Periodical Reviews -- By: Anonymous

Journal: Bibliotheca Sacra
Volume: BSAC 120:479 (Jul 1963)
Article: Periodical Reviews
Author: Anonymous

Periodical Reviews

Bruce, F. F., “When Is A Gospel Not A Gospel?” Bulletin Of The John Rylands Library, March, 1963.

This is a day of doctrinal haziness when on the pretense that indecision indicates scholarship men shy away from precise definitions of what the Word of God teaches. It is refreshing to see in this article a scholarly discussion by the Rylands Professor of Biblical Criticism and Exegesis at the University of Manchester of what the New Testament teaches concerning the term gospel. Dr. Bruce, long one of England’s distinguished Biblical scholars, demonstrates with reference to the four Gospel accounts that they were not called gospels until the late second century. Rather they were known as the gospel “variously recorded by Matthew, Mark and the rest.” The essential element which distinguishes the noncanonical gospels from the four canonical Gospels is the latter’s supreme emphasis upon the passion of Christ.

The major portion of the article is a discussion of what Paul meant in Galatians 1:6–8 and 2 Corinthians 11:4 by his reference to a different or another gospel. His summary statement is an excellent presentation of the New Testament answers to the question “When is a Gospel not a Gospel?” or positively, what is the true gospel? “To sum up, then, we may say that, according to the general consensus of New Testament teaching, a gospel is not a gospel when—1. it is detached from the Jesus of history; 2. it gives little or no place to the passion; 3. it exalts human achievement in place of the grace of God; 4. it adds other conditions to the one which God has declared acceptable (even if those additions be good and desirable in themselves); or 5. it treats righteousness and purity which the truly spiritual man has outstripped. On the other hand, a gospel is a gospel when—1. it maintains contact with the Jesus of history, affirming that ‘this same Jesus’ who came in the flesh and died is the vindicated and exalted Lord; 2. it embraces and proclaims ‘the stumbling block of the cross’; 3. it extends the grace of God to men for their acceptance by faith; 4. it relies upon the power of the Spirit to make it effective in those who hear it; and 5. it issues in a life of righteousness and purity which is sustained and directed by the love of God.” Measured against this standard, much of critical scholarship would be found wanting, in the judgment of this reviewer.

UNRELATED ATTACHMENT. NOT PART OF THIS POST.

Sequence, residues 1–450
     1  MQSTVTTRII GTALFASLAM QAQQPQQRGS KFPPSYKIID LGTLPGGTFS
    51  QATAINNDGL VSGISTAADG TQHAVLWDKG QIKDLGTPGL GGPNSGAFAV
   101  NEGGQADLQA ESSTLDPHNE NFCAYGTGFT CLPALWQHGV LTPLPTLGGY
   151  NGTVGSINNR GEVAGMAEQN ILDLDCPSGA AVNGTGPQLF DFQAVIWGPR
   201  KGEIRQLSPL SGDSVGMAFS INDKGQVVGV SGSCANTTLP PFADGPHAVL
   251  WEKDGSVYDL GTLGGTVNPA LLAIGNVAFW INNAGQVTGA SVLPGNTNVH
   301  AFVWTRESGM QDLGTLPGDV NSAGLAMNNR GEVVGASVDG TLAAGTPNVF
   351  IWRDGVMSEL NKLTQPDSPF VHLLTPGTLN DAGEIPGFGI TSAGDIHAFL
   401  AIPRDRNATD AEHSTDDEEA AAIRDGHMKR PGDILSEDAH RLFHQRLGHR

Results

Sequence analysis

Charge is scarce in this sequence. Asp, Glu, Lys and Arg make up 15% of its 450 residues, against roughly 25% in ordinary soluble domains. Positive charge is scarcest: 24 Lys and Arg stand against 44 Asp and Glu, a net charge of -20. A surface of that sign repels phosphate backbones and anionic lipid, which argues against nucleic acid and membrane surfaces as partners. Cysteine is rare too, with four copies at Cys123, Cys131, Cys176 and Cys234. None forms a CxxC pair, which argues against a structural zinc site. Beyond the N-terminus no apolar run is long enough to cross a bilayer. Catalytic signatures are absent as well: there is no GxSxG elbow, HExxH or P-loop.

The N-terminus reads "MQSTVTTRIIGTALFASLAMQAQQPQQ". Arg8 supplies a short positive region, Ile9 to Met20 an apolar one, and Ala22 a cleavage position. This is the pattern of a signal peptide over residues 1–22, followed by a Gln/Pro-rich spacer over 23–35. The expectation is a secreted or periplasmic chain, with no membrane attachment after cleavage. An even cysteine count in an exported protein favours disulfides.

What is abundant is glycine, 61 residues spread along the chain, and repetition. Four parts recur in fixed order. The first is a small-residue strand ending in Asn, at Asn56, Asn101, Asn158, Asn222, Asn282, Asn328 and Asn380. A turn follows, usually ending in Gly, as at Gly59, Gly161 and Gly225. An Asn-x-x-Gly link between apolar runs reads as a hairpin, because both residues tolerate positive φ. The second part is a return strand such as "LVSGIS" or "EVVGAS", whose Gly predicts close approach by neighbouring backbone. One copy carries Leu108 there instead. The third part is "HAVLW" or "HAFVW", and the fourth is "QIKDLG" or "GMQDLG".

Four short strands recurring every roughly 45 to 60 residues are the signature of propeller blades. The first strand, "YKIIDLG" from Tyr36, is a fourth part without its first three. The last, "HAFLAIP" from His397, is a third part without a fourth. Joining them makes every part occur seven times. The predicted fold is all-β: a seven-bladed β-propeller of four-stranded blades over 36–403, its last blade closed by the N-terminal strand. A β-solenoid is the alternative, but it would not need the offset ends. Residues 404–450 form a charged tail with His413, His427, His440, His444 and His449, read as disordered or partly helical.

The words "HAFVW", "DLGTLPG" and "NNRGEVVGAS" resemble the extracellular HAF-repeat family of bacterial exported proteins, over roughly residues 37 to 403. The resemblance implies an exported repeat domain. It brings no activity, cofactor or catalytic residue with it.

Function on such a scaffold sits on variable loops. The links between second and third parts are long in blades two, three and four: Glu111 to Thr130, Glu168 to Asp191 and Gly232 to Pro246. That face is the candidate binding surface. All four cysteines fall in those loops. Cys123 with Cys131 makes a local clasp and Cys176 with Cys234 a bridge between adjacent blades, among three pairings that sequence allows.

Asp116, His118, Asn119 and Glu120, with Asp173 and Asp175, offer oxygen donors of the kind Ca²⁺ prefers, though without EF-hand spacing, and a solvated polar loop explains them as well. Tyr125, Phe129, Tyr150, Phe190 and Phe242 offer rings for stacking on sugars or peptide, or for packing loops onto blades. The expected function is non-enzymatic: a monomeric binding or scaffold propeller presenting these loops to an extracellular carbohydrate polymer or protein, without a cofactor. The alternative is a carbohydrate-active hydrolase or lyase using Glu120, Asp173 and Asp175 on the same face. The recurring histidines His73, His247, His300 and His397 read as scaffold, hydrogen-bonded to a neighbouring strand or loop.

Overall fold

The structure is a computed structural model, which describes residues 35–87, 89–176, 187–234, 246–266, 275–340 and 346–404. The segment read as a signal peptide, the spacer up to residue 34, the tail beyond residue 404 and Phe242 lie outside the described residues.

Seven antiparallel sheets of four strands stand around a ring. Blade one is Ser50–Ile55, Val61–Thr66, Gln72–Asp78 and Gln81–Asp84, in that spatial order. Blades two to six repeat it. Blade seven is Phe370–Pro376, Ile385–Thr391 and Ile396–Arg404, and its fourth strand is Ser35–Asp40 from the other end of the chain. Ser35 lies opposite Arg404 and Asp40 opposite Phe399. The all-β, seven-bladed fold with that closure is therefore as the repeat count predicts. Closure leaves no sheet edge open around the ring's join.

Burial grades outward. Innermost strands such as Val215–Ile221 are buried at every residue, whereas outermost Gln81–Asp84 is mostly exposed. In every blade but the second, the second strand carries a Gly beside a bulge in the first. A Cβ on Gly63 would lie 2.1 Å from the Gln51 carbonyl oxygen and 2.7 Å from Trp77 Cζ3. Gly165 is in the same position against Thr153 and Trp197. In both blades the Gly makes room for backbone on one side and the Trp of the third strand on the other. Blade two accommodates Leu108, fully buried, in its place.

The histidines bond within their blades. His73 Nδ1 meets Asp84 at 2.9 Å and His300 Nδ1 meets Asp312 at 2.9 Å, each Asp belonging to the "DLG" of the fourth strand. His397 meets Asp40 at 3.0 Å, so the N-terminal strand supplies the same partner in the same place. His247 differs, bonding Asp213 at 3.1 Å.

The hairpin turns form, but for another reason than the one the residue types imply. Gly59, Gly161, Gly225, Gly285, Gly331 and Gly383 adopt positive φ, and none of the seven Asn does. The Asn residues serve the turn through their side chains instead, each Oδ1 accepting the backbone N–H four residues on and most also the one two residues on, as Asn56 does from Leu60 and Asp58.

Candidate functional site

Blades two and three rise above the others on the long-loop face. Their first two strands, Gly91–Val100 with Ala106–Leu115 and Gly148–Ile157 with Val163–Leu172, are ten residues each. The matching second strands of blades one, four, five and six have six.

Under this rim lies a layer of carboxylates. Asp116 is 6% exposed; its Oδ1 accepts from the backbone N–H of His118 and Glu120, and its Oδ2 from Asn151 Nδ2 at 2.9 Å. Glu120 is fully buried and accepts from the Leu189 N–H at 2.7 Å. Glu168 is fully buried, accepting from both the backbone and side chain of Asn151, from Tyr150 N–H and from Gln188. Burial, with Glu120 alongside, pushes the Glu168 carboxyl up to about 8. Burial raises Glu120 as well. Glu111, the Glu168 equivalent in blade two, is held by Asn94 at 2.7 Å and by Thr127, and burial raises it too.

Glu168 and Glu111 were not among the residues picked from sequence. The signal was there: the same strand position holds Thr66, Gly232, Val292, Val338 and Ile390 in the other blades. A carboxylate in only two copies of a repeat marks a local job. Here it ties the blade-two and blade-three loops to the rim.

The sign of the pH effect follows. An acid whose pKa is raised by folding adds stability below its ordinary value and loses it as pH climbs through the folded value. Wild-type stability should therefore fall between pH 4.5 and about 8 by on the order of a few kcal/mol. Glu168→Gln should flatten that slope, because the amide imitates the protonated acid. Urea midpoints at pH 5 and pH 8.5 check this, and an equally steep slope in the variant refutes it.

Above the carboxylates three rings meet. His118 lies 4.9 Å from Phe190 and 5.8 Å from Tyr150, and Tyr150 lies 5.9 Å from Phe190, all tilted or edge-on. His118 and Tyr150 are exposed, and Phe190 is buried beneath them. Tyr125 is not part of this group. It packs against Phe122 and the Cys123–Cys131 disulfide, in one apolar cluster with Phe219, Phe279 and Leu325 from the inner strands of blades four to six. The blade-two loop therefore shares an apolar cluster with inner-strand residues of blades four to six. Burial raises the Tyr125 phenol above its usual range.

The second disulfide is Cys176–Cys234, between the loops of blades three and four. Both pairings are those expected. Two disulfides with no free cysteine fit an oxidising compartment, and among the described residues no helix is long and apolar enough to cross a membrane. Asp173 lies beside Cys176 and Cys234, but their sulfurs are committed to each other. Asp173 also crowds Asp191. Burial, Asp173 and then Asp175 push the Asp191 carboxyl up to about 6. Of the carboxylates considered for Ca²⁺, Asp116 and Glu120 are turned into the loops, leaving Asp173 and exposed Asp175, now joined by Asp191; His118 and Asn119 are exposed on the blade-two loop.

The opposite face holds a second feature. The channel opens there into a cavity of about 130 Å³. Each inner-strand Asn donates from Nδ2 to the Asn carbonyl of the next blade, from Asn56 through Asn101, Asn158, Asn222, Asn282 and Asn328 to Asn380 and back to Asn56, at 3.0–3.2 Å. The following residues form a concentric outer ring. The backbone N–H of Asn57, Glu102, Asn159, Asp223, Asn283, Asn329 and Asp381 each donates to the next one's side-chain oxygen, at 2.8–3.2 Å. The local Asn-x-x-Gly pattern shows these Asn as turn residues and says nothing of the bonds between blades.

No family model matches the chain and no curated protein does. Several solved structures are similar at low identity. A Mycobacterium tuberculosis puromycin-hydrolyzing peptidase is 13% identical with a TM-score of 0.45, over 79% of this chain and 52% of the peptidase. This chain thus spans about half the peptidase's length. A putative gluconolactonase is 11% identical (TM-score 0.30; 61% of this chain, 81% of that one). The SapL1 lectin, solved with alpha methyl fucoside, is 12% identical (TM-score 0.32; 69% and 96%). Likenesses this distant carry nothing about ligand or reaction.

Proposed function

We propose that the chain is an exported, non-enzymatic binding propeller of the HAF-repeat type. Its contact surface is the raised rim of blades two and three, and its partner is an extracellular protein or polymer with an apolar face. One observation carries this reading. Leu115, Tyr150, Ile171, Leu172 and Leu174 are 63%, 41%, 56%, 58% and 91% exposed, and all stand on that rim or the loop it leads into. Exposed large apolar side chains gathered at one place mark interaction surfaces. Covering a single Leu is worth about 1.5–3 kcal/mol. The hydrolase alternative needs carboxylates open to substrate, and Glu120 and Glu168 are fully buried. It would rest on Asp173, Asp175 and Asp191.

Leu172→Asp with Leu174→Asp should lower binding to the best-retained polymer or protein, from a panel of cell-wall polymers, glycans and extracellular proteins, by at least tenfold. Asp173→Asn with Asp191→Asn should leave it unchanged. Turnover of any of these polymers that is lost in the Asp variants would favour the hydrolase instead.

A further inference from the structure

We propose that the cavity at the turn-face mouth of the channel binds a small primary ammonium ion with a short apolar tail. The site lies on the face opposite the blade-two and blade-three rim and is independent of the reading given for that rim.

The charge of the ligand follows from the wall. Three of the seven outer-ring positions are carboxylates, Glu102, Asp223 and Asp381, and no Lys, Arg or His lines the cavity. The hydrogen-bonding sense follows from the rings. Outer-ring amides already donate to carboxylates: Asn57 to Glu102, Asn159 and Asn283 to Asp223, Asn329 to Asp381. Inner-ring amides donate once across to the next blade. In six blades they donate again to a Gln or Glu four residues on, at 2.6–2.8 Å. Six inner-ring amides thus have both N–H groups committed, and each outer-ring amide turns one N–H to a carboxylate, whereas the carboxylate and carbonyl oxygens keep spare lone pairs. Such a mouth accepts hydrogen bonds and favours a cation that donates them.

Kulp, Laurence, “Must We Be Afraid Of Science?” Eternity, May, 1963.

Evangelical Christians will join with the distinguished professor of geochemistry at Colum...

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